When Jonathan Izak looks at AutisMate, he only wishes something similar had existed when his brother was younger.
The iPad app, which Izak and colleagues have spent the last 18 months creating, is designed for autistic children — kids like Izak’s brother.
“I think it definitely would have helped him (with his) acquisition of language,” Izak said.
Some apps, such as Proloquo2go, replicate a staple of the autism field — the sentence builder that kids can use to build sentences using symbols and basic concepts such as “I want.” Such devices have long existed as standalone machines that can cost thousands of dollars. Other autism apps mimic the kinds of flash cards that can be used to visually represent things that one has trouble verbalizing.
AutisMate aims to handle those kinds of functions, but doesn’t stop there. One of its key features is designed to help kids even before they are able to piece together sentences that explain their desires. The scene-builder module uses pictures of the child’s own settings, such as their bedroom, work room, living room and kitchen.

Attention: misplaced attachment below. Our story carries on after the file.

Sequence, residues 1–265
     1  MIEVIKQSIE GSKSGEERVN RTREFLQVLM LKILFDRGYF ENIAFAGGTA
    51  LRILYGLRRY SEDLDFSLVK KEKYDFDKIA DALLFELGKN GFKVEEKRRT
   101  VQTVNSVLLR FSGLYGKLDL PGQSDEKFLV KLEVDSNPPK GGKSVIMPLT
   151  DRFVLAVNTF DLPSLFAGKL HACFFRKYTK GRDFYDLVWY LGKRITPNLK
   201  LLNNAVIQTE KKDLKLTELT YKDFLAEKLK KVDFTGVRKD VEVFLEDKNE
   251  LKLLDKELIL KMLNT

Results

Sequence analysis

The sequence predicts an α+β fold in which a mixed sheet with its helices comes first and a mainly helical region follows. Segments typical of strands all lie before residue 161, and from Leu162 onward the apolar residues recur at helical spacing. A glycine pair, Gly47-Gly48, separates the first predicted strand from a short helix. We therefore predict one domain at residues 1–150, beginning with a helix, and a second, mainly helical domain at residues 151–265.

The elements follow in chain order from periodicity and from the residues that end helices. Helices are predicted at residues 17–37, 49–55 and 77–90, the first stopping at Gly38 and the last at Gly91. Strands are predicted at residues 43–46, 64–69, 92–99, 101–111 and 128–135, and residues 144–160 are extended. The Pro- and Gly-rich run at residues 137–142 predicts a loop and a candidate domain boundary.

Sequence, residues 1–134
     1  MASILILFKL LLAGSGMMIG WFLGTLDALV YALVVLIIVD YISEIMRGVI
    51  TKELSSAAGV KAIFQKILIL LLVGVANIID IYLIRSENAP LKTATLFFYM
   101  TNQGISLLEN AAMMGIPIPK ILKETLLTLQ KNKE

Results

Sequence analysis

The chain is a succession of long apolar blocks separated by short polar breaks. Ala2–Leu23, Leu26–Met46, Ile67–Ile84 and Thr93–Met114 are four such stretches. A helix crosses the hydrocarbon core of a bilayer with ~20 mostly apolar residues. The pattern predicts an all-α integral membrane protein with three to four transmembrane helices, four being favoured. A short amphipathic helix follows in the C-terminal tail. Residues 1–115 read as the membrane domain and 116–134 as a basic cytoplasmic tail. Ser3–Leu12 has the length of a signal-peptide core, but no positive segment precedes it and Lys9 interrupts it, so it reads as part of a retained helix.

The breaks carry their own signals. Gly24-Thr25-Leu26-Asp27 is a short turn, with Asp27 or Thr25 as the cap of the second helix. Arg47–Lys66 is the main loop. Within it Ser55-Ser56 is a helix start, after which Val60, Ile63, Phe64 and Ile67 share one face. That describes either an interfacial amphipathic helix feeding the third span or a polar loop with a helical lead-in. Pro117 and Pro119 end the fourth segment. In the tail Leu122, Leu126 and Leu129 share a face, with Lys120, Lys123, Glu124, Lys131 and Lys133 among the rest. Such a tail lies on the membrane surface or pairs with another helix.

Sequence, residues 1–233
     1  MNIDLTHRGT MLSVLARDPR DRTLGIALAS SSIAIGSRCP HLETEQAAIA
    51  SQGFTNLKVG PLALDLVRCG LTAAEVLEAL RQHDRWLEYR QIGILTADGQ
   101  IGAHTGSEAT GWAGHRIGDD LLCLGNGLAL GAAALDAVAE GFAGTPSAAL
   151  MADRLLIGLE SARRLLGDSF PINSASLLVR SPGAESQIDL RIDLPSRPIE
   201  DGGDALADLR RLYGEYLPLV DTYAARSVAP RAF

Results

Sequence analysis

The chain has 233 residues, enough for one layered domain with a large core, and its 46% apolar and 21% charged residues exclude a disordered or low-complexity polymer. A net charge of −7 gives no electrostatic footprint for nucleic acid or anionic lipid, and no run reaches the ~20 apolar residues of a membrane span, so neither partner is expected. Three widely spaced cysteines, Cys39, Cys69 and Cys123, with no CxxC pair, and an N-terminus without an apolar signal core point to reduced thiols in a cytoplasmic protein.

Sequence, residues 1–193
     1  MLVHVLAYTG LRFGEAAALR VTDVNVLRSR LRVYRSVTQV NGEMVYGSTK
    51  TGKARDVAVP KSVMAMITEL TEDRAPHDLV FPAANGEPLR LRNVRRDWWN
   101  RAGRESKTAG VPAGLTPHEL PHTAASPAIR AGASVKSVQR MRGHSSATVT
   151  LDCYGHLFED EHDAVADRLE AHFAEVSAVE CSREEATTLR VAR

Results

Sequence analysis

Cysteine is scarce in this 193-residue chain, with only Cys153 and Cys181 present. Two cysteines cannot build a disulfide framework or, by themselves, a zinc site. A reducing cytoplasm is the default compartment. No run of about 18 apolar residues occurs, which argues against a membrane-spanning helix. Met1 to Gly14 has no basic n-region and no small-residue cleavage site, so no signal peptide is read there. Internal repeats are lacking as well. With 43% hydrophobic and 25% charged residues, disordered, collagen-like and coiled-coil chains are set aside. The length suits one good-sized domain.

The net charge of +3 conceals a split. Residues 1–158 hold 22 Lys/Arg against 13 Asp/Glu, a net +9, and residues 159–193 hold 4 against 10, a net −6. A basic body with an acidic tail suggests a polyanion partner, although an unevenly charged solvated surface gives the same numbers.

Support for GPS allows the child to see one set of rooms, for example, at home and another set of scenes when at school.
The scene builder can also incorporate a variety of licensed videos to help with other settings, such as visits to the dentist or barber shop, as well as to help educate on concepts such as how to make it clear when they need a break.
Click this link to view the video: http://video.allthingsd.com/video/using-the-ipad-to-help-autistic-kids-learn/3D76C0B7-2EB7-473A-9C2C-FFAE818B299C
Another component breaks tasks up into different components and time frames, tying completing the activity to a reward, such as a cookie.
At $150, AutisMate is certainly pricier than the average app, but it’s in the same ballpark as Proloquo2go and other comprehensive software for those with special needs.
“It’s generally in the range of apps out there,” Izak said. That said, there are a range of other apps including free and low-cost apps for specific functions. There’s even an app,Autism Apps, that is a guide to other autism-related mobile apps.
Izak left his role at the University of Pennsylvania’s linguistics department to start work on AutisMate. Initially, he did the hands-on programming, but now he serves as CEO of the 10-person New York startup behind the app.
Eventually, Izak hopes to build his tiny company into a larger educational software firm.
“Really, the vision when I started this whole thing was pretty broad — to use modern technology to help those with a variety of special needs,” Izak said. “I started with autism because it was very close to home, and close to my heart.”